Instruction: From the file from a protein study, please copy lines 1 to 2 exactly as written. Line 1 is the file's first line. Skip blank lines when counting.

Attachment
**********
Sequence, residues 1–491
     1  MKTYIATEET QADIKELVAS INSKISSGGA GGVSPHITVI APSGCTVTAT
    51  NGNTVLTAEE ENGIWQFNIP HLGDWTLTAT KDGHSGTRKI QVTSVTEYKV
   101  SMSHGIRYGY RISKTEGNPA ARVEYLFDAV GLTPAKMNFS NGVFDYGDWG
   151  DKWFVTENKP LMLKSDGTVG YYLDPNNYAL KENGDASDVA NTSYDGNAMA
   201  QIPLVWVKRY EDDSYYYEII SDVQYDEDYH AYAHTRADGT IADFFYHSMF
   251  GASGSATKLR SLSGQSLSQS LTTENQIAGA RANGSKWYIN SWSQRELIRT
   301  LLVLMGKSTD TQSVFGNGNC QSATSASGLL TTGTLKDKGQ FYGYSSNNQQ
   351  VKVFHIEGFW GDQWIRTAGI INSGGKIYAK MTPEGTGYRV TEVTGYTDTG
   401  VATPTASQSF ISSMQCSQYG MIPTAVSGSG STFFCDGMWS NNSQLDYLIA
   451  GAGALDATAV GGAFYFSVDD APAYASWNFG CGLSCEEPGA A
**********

Sequence, residues 1–491
     1  MKTYIATEET QADIKELVAS INSKISSGGA GGVSPHITVI APSGCTVTAT